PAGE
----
A neglected aspect of fitness that becomes more important with aging is balance. This is another area where decline occurs with age, and makes older people more likely to fall. Young people can stand on one foot with their eyes closed easily for a minute. I can do it for about 10 seconds. I knew my balance had gotten worse, but it was driven home to me last summer on a hike. Our group came to the informal bridge shown. There were two logs about 4 inches in diameter, one slightly lower than the other, but otherwise stable. In crossing this I was one of the worst in the group, which included people a few years older than me.
Balance probably declines worse than other physical capacities with age, maybe because it is a downward spiral. As it degrades, we unconsciously get more timid about challenging it. Fortunately, as I read in Jim Klopman’s book Balance is Power , it responds quickly to training. Jim has some brain symptoms from concussions he suffered from falls in thrill sports in his youth decades ago. He improved his own symptoms dramatically with advanced balance training, and consulted with brain health expert Dr. Daniel Amen, author of many self-help books on the brain including The Brain Warrior’s Way.
Dr. Amen feels that balance training is an important tool for using neuro-plasticity (the ability of the brain to make new connections, no matter how old we are) to heal the brain. Balance is Power has 3 levels of training, and it only took me a couple of days to get a lot better at level I and proceed into level II. With continued progress this has spilled over into my hiking, mountain biking, and other activities. One activity that I recommend adding to Jim’s suggestions is the walking lunge. This is a good way to build leg strength but also requires good balance. Watching contestants at the recent Crossfit games making lunges look easy while holding heavy kettlebells overhead inspired me to try it (without the kettlebells, at least for now 🙂 ). As expected I found it to be a good test from a strength standpoint, but also surprisingly challenging for balance.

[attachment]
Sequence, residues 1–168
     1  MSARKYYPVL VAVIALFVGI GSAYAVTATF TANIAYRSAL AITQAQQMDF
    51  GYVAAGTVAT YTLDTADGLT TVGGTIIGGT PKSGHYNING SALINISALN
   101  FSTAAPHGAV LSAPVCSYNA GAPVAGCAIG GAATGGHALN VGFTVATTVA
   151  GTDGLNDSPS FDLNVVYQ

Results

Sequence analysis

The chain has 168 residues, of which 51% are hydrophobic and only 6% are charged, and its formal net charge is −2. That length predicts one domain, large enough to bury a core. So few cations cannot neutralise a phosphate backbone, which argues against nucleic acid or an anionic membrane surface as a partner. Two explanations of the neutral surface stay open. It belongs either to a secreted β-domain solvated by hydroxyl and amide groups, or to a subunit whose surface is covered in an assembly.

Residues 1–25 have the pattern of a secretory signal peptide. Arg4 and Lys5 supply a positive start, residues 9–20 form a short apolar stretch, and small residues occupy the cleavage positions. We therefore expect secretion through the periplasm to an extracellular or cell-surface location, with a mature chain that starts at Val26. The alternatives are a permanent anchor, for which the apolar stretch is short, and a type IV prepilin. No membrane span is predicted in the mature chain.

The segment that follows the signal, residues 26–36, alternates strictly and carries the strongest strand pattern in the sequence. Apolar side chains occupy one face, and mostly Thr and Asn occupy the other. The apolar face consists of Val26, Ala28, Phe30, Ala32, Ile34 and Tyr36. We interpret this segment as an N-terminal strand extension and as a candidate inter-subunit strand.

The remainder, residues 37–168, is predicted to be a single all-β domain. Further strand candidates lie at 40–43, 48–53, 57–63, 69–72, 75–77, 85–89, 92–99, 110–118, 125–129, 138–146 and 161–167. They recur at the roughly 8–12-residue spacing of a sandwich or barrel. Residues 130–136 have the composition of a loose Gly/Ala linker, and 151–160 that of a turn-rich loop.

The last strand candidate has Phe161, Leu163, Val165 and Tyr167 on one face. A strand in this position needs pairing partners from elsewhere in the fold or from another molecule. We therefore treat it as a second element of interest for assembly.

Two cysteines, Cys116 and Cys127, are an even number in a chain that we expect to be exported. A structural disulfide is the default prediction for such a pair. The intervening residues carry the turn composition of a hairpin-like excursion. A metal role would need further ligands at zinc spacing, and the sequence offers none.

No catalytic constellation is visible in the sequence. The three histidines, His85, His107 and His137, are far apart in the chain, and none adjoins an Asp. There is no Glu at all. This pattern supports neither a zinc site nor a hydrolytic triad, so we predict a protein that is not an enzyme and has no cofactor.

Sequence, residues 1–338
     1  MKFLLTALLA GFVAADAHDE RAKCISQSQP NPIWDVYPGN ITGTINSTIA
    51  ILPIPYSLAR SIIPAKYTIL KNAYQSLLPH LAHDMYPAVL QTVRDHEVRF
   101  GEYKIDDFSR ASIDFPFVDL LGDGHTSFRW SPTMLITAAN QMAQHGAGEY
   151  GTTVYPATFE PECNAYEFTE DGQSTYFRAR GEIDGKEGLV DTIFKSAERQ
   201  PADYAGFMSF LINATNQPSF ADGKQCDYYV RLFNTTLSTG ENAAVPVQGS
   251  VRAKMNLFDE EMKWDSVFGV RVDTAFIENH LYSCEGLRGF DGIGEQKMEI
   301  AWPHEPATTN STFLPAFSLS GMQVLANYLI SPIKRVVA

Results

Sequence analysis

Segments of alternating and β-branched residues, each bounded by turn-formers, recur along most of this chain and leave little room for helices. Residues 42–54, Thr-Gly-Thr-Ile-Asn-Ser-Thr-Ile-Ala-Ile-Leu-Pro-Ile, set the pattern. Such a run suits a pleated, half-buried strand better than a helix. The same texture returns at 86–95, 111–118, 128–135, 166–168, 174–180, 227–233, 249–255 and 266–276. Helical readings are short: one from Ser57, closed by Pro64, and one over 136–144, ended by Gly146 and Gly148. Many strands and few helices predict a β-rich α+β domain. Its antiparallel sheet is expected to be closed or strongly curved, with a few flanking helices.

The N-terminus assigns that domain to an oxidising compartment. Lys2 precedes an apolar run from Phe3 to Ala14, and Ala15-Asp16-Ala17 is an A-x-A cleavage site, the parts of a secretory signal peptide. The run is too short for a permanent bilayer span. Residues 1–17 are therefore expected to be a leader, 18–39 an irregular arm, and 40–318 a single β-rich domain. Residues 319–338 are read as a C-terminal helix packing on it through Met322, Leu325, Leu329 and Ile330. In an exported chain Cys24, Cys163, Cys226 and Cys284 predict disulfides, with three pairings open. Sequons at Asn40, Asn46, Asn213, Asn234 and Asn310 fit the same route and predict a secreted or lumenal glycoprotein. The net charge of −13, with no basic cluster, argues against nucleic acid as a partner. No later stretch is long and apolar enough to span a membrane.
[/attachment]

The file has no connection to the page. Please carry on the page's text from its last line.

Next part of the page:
Another good balance challenge for me is stand-up paddling. When you’re just starting out on a SUP it feels awkward to stand up. You start out on your knees, and rock back onto your toes so you’re in a full squat position. then you just stand up, pushing down with your hands on the board for a little more stability. It is amazing how awkward that feels at first. The board is actually quite stable, but you don’t trust it at first. For me it felt wobbly side to side. When I took my first class my legs were starting to shake. Then I got an interesting tip from my instructor- “relax your feet!” I think I was trying unconsciously to grip the board with my toes. When I relaxed them I felt more stable, and soon was paddling around comfortably.
But I find if I’ve been away from it a few months the awkward wobbly feeling returns the first time back. So I prepare for it with an unstable surface like a mattress. If I can do squats on that, then the SUP board feels a lot more stable when I get back on it.
Klopman, J, Miller, J, Balance is Power: Improve Your Body’s Balance to Perform Better, Live Longer, and Look Younger, Lioncrest Publishing, 2016